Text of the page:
Violin Solo
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Composers

Jan Brandts Buys

All Compositions

Compositions for: Violin

#Arrangements for: Violin
#Parts for: Violin
by popularity
3 Lieder, Op.33Aus dem west-östlichen Divan, Op.32Flute Quintet, Op.21Romantische Serenade, Op.25Sizilianische Serenade, Op.28String Quartet, Op.19String Sextet, Op.40Suite for String Quartet, Op.23Suite, Op.43Violin Sonata, Op.26

Arrangements for: Violin

Suite for String Quartet, Op.23

Parts for: Violin

Flute Quintet, Op.21String Quartet, Op.19String Sextet, Op.40Suite for String Quartet, Op.23
Wikipedia
Jan Willem Frans Brandts Buijs (Zutphen, 12 September 1868 – Salzburg, 7 December 1933) was a Dutch-Austrian composer who came from a long line of Dutch organists and composers of protestant church music.
His father was an organ player in the town of Zutphen in the Netherlands, where Jan was born. He studied at the Raff Conservatory in Frankfurt and in 1892 settled in Vienna, where he got to know Johannes Brahms, who, along with Edvard Grieg, praised his early works. His piano concerto won an important international prize and such famous artists as Lilli Lehmann often included his songs on the same program with those of Franz Schubert.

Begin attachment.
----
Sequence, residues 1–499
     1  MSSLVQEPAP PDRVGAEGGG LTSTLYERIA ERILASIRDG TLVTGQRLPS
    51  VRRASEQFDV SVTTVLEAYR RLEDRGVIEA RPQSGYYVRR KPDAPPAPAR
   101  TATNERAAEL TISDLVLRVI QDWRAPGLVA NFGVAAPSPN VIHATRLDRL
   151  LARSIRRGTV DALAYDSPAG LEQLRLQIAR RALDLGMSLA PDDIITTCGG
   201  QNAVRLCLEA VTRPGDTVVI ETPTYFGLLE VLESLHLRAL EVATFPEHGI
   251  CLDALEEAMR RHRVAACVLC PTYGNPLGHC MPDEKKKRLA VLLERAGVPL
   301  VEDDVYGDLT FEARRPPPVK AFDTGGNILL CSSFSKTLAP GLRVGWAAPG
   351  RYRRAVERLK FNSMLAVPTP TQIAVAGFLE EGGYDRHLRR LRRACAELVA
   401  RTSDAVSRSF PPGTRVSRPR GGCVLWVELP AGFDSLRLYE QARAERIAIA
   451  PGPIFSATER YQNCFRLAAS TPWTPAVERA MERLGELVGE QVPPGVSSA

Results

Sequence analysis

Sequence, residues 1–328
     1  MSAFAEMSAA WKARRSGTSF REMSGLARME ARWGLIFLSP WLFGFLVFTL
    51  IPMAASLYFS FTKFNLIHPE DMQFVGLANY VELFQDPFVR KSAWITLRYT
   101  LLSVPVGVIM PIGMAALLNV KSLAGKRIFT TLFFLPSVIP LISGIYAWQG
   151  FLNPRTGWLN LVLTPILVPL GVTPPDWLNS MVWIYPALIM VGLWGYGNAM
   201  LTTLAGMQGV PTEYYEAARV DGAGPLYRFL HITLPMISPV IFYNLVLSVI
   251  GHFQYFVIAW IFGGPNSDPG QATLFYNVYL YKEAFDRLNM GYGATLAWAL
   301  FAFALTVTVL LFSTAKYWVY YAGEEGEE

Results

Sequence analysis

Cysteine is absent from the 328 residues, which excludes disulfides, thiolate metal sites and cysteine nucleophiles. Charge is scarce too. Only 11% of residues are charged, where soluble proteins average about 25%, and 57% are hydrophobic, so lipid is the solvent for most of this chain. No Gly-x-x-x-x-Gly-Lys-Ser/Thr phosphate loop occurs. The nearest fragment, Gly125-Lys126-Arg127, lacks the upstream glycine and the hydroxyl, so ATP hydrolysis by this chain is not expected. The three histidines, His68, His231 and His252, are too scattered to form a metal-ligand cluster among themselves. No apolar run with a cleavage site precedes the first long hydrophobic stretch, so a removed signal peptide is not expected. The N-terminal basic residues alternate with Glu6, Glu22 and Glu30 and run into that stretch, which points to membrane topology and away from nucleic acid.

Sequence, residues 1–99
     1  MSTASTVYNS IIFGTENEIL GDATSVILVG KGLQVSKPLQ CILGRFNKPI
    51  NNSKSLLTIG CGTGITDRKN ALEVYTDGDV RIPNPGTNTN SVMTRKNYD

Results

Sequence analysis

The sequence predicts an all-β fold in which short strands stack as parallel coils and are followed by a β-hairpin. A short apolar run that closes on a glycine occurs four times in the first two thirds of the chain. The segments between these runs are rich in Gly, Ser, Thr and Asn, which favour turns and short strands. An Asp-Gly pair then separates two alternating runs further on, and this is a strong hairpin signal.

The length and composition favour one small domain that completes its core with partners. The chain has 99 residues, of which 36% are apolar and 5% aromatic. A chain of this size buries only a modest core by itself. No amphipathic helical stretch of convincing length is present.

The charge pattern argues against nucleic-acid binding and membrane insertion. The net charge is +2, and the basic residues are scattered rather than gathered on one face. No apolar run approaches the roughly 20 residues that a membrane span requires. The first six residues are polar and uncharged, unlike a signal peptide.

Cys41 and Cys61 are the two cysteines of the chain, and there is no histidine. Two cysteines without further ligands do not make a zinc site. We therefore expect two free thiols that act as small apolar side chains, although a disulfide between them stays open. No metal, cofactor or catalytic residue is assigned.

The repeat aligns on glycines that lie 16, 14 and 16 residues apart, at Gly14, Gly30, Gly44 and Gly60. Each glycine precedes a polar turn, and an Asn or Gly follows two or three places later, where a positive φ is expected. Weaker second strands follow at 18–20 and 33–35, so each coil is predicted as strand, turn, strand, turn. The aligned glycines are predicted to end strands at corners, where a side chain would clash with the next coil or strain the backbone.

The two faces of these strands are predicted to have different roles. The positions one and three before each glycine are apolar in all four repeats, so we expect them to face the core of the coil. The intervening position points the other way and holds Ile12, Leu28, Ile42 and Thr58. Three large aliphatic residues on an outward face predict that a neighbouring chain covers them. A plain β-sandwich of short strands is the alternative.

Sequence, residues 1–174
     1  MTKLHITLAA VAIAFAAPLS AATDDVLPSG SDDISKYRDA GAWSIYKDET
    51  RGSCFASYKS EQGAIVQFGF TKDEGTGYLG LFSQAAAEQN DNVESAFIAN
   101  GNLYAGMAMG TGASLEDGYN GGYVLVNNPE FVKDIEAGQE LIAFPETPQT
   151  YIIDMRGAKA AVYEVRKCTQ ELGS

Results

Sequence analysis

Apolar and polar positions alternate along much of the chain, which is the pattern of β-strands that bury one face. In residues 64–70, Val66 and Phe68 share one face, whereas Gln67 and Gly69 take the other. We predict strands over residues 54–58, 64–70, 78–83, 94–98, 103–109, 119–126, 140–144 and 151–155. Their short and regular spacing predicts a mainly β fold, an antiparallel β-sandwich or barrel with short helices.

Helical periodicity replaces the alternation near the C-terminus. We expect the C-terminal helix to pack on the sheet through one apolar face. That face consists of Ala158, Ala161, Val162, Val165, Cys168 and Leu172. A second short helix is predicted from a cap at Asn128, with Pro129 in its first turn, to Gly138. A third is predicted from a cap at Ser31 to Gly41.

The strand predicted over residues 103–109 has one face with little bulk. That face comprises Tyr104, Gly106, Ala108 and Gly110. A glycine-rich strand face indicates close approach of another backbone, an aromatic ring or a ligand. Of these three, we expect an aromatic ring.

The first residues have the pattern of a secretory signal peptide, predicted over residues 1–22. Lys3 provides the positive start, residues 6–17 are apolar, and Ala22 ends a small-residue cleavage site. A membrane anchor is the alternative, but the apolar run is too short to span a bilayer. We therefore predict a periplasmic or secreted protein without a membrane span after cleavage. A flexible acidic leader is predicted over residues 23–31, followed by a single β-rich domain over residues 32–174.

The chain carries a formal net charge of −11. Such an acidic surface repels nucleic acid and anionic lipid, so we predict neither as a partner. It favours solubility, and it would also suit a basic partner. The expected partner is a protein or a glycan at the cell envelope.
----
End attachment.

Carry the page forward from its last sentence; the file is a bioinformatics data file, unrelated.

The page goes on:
Brandts Buys' oeuvre comprises piano pieces, organ pieces, chamber music, orchestral music, songs, pieces for choir and cantatas, operas and many arrangements - such as piano arrangements of all the symphonies of Schubert and Beethoven).
However, his reputation today mainly rests on his comic operas and operettas, such as The Tailors of Schönau [1916] and The Man in the Moon [1922], which gained considerable international acclaim. These two operas, along with Glockenspiel [1913] and Der Eroberer [1918] were first performed at the Dresden Hofoper, with casts that included the young Richard Tauber. Of the ten chamber music works he wrote, only the Romantische Serenade (Romantic Serenade), composed in 1905, was performed with any regularity before disappearing shortly after his death. In the United States, it figured in the first New York program given by the Zoellner Quartet after returning from its formative years in Europe, at which time the work had been heard in that city only once before. The quartet continued to program the serenade as late as 1919.
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